FIG. 9 is a side-view of a steerable wire-guide according to an alternate embodiment of the invention.

FIG. 10 is a side-view of the steerable wire-guide of FIG. 9 showing the first and second wires concurrently moving distally and the leading portion advancing.

FIG. 11 is a side-view of the steerable wire-guide of FIG. 9 showing the first and second wires concurrently moving proximally and the leading portion retracting.

FIG. 12 is a side-view of the steerable wire-guide of FIG. 9 illustrating the first wire moving distally relative to the second wire and the leading portion bending in a first direction that is at an angle to the longitudinal axis.

FIG. 12A is a side-view of the steerable wire-guide of FIG. 12 illustrating the first and second wires concurrently moving distally and leading portion advancing in the first direction.

FIG. 12B is a side-view of the steerable wire-guide of FIG. 12 illustrating the first and second wires concurrently moving proximally and the leading portion retracting in the first direction.

FIG. 13 is a side-view of the steerable wire-guide of FIG. 9 illustrating the second wire moving distally relative to the first wire and the leading portion bending in a second direction that is at an angle to the longitudinal axis and is different from the first direction.

FIG. 13A is a side-view of the steerable wire-guide of FIG. 13 illustrating the first and second wires concurrently moving distally and the leading portion advancing in the second direction.

FIG. 13B is a side-view is a side-view of the steerable wire-guide of FIG. 13 illustrating the first and second wires concurrently moving proximally and the leading portion retracting in the second direction.

FIG. 14 is a side-view of a releasable connector detachably connecting a gripping portion of a removable handle and a tubular member proximal end according to an embodiment of the invention.

FIG. 15 is a side-view of a releasable connector detachably connecting a gripping portion of a removable handle and a tubular member proximal end according to an alternate embodiment of the invention.

FIG. 16 is a side-view of a releasable connector detachably connecting a gripping portion of a removable handle and a tubular member proximal end according to an alternate embodiment of the invention.

FIG. 17 is a side-view of a releasable connector detachably connecting a gripping portion of a removable handle and a tubular member proximal end according to an alternate embodiment of the invention.

FIG. 18 is a side-view of the steerable wire-guide of FIG. 3 showing an embodiment of a closure member.

FIG. 19 is a side-view of a steerable wire-guide of FIG. 3 illustrating an alternate embodiment of a closure member.

FIG. 20 is a side-view of a steerable wire-guide of FIG. 3 illustrating an alternate embodiment of a closure member.

FIG. 21 is a side-view of a steerable wire-guide of FIG. 3 illustrating an alternate embodiment of a closure member.

FIG. 22 is a side-view of a steerable wire-guide of FIG. 2 illustrating an alternate embodiment of a closure member.

FIG. 23 is a side-view of a steerable wire-guide according to an alternate embodiment of the invention.

FIG. 23A is a top-view of the steerable wire-guide of FIG. 23 in an unassembled form illustrating an alternate embodiment of a closure member.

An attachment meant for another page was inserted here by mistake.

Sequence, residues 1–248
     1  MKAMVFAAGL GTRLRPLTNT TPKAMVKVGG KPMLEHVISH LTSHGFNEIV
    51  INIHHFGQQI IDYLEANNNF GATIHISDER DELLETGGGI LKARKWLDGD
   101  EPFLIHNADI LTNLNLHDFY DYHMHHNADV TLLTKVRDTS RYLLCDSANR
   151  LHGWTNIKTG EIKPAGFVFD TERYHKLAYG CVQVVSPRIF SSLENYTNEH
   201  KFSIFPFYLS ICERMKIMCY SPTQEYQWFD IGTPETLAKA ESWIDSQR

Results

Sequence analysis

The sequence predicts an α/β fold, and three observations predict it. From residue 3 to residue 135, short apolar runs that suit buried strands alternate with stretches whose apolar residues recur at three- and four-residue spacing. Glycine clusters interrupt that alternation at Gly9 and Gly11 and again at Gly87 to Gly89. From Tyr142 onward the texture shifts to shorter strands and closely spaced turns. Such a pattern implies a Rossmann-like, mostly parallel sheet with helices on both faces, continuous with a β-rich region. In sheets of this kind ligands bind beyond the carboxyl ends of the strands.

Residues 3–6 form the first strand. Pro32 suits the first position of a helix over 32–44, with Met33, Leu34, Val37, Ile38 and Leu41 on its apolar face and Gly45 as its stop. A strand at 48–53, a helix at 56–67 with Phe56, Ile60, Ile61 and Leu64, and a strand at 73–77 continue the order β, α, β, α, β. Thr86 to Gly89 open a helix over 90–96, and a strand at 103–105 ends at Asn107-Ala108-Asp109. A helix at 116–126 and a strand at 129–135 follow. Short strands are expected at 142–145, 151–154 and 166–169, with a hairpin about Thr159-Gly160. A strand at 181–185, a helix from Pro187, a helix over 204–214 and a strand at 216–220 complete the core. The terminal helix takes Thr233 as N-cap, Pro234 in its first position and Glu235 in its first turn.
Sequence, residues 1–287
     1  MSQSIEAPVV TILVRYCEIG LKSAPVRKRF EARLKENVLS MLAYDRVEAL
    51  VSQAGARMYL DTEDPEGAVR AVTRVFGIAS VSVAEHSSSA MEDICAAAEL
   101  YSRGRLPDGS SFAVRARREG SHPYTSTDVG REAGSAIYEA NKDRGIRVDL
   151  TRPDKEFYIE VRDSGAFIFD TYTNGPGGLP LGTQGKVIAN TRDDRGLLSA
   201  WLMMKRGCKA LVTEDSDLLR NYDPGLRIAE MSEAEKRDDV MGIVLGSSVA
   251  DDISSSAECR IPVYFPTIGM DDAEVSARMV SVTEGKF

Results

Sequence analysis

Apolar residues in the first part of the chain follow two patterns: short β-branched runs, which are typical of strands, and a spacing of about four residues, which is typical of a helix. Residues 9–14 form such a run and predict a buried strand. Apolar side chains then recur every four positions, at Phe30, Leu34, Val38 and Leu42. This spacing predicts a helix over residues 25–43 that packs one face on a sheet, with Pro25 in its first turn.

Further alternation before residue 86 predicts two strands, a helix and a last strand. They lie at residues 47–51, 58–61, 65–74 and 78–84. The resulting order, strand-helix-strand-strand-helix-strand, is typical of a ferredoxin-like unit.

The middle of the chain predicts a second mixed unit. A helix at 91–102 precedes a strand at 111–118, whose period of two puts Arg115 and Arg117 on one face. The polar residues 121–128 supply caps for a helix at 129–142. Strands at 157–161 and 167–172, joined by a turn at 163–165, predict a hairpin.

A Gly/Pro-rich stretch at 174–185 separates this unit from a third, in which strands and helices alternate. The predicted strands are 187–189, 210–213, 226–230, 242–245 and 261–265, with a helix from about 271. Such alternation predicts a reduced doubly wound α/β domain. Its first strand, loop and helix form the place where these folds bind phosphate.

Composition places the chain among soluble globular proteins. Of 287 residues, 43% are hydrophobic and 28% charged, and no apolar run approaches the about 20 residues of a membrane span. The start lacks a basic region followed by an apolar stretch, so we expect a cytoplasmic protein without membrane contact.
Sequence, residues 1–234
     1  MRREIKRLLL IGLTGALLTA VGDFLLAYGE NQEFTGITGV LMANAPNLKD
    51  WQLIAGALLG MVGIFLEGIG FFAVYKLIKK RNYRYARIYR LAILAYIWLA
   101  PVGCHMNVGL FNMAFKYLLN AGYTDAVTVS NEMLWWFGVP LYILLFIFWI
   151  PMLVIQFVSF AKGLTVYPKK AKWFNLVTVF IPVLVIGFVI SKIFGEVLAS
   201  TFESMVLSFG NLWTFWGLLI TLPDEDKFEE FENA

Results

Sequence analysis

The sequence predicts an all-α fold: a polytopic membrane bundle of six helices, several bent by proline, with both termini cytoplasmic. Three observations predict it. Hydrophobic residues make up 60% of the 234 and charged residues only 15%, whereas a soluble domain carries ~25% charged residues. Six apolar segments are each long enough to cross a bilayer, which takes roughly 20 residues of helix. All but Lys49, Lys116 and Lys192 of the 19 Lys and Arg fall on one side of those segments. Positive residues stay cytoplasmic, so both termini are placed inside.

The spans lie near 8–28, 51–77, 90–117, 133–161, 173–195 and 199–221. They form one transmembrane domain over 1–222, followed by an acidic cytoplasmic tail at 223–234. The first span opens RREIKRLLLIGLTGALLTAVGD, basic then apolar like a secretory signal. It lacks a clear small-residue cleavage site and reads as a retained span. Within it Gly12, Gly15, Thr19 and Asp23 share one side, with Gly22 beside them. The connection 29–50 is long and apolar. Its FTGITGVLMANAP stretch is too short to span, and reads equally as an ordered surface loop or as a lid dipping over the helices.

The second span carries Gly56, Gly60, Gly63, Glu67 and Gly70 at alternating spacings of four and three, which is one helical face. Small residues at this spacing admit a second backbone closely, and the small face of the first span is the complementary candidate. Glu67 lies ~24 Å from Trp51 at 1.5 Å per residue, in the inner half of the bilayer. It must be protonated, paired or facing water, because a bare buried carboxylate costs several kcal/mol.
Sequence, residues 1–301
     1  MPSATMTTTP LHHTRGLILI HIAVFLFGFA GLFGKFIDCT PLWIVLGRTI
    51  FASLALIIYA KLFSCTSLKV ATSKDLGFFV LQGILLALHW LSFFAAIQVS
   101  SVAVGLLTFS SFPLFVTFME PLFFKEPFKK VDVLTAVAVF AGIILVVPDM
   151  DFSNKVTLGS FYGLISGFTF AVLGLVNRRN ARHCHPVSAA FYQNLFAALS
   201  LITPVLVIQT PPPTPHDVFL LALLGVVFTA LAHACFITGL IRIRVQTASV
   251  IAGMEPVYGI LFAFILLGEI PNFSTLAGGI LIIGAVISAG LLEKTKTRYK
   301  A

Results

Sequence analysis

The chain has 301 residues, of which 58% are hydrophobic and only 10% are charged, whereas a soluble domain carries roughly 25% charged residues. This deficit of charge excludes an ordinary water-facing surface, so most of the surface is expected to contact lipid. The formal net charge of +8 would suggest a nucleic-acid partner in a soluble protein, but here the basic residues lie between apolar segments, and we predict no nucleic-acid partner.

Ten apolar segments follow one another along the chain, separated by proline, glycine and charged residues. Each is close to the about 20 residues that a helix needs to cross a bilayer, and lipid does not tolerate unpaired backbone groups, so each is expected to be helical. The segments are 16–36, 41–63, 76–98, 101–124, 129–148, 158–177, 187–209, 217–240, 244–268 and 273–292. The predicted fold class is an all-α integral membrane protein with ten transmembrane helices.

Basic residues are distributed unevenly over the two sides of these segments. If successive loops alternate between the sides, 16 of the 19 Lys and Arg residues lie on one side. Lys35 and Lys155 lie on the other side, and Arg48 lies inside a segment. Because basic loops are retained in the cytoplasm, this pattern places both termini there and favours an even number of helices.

FIG. 23B is a side-view of the steerable wire-guide of FIG. 23A.

FIG. 24 is a side-view of the steerable wire-guide of FIG. 4 illustrating an alternate embodiment of a closure member.

FIG. 25 is a side-view of the steerable wire-guide of FIG. 4 illustrating an alternate embodiment of a closure member.

FIG. 26 is a side-view of the steerable wire-guide of FIG. 4 illustrating an alternate embodiment of a closure member.

FIG. 27 is a side-view of the steerable wire-guide of FIG. 4 illustrating an alternate embodiment of a closure member.

FIG. 28 is a side-view of the steerable wire-guide of FIG. 4 illustrating an alternate embodiment of a closure member.

FIG. 28A is a top-view of the steerable wire-guide of FIG. 28 in an unassembled form illustrating an alternate embodiment of a closure member.

FIG. 28B is a side-view of the steerable wire-guide of FIG. 28A.

FIG. 29 is a side-view of the steerable wire-guide of FIG. 4 illustrating an alternate embodiment of a closure member.

FIG. 30 is a partial, cross-sectional view of a steerable wire-guide comprising a covering according to an alternate embodiment of the invention.

FIG. 31 is a side-view illustrating the steerable wire-guide of FIG. 4 encountering an impediment in a body vessel.

FIG. 32 is a side-view illustrating the steerable wire-guide of FIG. 4 encountering a torturous path within a body vessel.

FIG. 33 is a side-view illustrating the steerable wire-guide of FIG. 3 entering a side branch from a main body vessel.

FIG. 34 is a side view illustrating an alternative embodiment of a steerable wire-guide.

DETAILED DESCRIPTION OF THE INVENTION

Turning now to the drawings, wherein like numerals indicate the same element throughout the views, there is shown in FIGS. 1-33 a steerable wire-guide 10 made in accordance with the present invention. Steerable wire-guide 10 enables the user to direct, or steer, the steerable wire-guide 10 through a body lumen. Steerable wire-guide 10 comprises a longitudinal axis 11 and an elongate member 12 having a leading portion 14 and a body portion 18. The leading portion 14 comprises a loop 22 and the body portion 18 comprises a first wire 26 and a second wire 28.